A bill that would have made driving while texting, or DWT, illegal failed to pass the Tennessee Legislature in March. So for now, at least, Tennessee's text messengers can go on typing with their thumbs while steering with their pinkies, perhaps assisted by their knees.

"Clearly it's an enormous danger for anybody to be texting while driving," said Don Lindsey, longtime safety expert for AAA of East Tennessee. "Not only do you have the distraction of somebody thinking about what you're going to say, you either have to either feel with your thumbs those little itty-bitty buttons or, worse, look down on the phone and do it."

In an earlier Harris poll released last year, nine in 10 adults said texting while driving is dangerous, according to national reports. Nevertheless, almost 30 percent admit to texting from behind the wheel, according to the new study.

Text messaging isn't just for teens anymore. Almost nine in 10 teens and young adults use text messaging, but adults who let their fingers do the talking are fast expanding, with 55 percent of all cell-phone users now making use of the alphabet on their keypads, the new study revealed.

A new phrase has even been coined for business professionals who text from beneath their desks, tables - or steering wheels. The "BlackBerry prayer" is the term given to the giveaway lowered eyes, bowed head and hands-in-lap posture.

Even Lindsey acknowledges he likes the efficiency of text messaging and has received text messages from associates on the road. He wouldn't consider it himself, he said.

"The risk of collision increases up to 400 percent while talking on a cell phone while driving," said Lindsey, citing a report from the National Highway Traffic Safety Administration. In less than one second, a car traveling at 60 mph can travel the length of a tractor trailer, Lindsey added.

While executives may favor the BlackBerry or similar devices with expanded QWERTY keyboards, or typical typewriter keyboards, almost 90 percent of cell-phone users are still using awkward nine-button numeric keypads for text messaging, the new study said.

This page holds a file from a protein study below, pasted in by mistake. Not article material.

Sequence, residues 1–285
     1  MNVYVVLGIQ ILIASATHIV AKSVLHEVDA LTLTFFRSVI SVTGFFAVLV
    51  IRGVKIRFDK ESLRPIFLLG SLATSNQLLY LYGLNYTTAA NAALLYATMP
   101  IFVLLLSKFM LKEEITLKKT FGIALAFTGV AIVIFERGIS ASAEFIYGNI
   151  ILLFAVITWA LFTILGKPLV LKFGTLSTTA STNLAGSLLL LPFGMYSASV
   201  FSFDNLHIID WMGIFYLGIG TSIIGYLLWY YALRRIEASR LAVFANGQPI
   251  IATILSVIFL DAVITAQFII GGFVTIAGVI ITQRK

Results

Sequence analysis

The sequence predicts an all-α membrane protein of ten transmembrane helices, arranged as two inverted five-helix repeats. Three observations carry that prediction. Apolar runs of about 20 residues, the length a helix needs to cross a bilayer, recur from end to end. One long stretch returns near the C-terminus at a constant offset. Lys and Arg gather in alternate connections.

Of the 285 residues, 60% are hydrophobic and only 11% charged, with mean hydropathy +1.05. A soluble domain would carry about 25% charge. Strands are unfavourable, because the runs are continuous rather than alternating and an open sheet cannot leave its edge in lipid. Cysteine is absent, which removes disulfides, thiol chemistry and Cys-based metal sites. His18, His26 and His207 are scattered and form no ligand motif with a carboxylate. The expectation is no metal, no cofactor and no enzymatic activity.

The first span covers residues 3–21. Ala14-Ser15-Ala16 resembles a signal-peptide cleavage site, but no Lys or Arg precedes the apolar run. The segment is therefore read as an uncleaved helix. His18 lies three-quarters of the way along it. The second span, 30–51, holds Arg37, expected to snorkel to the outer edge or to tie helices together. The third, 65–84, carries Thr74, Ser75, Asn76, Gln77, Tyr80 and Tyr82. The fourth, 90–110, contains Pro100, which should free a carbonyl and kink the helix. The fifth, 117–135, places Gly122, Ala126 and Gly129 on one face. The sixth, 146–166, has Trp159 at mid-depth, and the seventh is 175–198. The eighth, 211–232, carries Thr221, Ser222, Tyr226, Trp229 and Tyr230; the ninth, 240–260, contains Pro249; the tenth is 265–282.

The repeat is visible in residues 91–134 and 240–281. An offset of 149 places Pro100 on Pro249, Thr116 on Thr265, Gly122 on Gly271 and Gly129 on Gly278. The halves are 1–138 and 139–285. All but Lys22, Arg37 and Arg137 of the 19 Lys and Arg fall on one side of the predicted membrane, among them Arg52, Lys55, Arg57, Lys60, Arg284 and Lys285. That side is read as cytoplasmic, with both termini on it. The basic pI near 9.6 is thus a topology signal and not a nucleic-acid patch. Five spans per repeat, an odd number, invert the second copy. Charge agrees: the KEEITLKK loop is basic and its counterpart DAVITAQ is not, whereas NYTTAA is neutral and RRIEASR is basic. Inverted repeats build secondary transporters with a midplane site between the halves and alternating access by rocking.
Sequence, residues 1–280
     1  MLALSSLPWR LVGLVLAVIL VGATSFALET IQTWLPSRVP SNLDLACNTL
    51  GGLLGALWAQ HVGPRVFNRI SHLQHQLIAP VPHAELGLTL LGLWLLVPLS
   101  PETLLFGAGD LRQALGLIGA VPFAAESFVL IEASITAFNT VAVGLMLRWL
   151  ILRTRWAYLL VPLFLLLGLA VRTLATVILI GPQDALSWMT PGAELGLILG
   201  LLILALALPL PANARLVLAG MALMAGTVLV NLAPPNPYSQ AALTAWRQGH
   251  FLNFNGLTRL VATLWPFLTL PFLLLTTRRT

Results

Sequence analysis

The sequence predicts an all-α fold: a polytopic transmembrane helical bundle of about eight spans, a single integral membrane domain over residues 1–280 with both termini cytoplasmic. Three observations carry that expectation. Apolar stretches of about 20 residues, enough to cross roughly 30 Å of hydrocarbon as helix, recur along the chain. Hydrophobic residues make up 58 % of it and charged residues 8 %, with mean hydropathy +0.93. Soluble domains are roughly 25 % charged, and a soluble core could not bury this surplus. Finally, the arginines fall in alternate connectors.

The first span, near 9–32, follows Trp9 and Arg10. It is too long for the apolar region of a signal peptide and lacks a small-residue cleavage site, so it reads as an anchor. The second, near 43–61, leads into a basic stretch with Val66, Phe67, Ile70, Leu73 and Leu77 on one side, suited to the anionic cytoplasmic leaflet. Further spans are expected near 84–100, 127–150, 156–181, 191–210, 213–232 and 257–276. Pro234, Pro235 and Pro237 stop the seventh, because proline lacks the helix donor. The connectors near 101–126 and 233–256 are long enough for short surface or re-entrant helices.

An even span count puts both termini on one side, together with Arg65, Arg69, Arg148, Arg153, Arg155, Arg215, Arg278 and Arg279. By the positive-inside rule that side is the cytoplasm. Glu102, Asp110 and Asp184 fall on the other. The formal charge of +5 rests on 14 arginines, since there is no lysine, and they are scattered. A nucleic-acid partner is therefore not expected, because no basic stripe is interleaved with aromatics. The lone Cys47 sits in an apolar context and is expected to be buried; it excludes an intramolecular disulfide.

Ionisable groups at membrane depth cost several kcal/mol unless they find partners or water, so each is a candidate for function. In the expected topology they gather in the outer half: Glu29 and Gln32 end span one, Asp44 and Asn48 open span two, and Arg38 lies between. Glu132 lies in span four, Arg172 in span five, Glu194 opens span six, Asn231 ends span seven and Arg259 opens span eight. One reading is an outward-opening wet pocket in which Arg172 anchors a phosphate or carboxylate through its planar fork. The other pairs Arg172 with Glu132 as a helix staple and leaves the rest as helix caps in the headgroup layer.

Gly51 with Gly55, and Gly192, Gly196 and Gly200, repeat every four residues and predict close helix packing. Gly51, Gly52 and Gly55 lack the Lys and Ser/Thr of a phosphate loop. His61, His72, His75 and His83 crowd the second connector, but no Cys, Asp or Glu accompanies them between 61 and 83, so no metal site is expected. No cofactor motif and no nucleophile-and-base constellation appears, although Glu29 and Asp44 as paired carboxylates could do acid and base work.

Tennessee outlaws any cell phone use by teens on learner's permits or provisional graduated driving licenses. Other drivers may be cited for reckless driving or failure to control their vehicles if involved in a collision while using their phones, Lindsey pointed out.

"If it's shown you were distracted, you can be charged with a variety of things," Lindsey added.
By Marti Davis Knoxville News Sentinel Posted May 21, 2008

Iowa Texting Ban Goes Into Effect July 1st - Council Bluffs, IA - Three laws in effect beginning July 1st. No texting while driving for adults and for drivers under 18, a complete ban on cell phone use. A similar ban goes into effect in Nebraska July 15th. That ban includes no texting while driving and is a secondary offense in Nebraska, meaning police need another reason to pull over drivers.

Massachusetts Gov. Deval Patrick to Sign Safe Driving Bill - July 01, 2010 Boston Governor  Deval Patrick is preparing to sign a safe driving bill that bans texting while driving and requires older drivers to get vision tests every five years. The governor will sign the bill on Friday at noon. Those caught texting and driving would face a fine and the suspension of their license or learner's permit under the legislation. The bill completely bans drivers under 18 from using cell phones. Anyone 18 and older would still be able to use cell phones while driving without facing any penalty. The Associated Press

Georgia's New Texting n Driving Law - Governor Signs Texting and Cell Phone Bill into Law
Governor Perdue has signed two new distracted driving bills into law, Senate Bill 360 and House Bill 23. Senate Bill 360 is the Caleb Sorohan Act and prohibits individuals from using wireless telecommunications devices for writing, sending or receiving text messages while operating a motor vehicle. Specifically the new law states:

"No person shall operate a motor vehicle on any public road or highway of this state while using a wireless telecommunications device to write, send, or read any text based communication, including but not limited to a text message, instant message, electronic mail, or Internet data."

The fine for offenders will be $150 and one point on their driver license, the new law goes into effect on July 1st, 2010. House Bill 23 was also signed into law by the Governor. This new law prohibits drivers under the age of 18 from using a wireless communication device. Specifically the new law states:

"prohibits use of wireless telecommunications devices by persons under 18 years of age with an instruction permit or Class D license while operating a motor vehicle"

Like the other new driving law, the fine for offenders will be $150 and one point on their driver license, the new law goes into effect on July 1st, 2010.

Michigan bans texting while driving - LANSING, Mich. (AP) - Michigan motorists should have one less excuse for being distracted behind the wheel. The state's ban on texting while driving takes effect Thursday, July 01, 2010.

The law makes it illegal for a person to read, write or send text messages from a cell phone or other device while operating fraction with a $100 fine for a first offense and $200 after that. The state doesn't add any points to a driver's record for violations.

Texting-while-Driving ban signed into R.I. law - Nov 10, 2009 - PROVIDENCE, R.I. _ With the stroke of Governor Carcieri's pen, it is now illegal to text-message while driving in Rhode Island.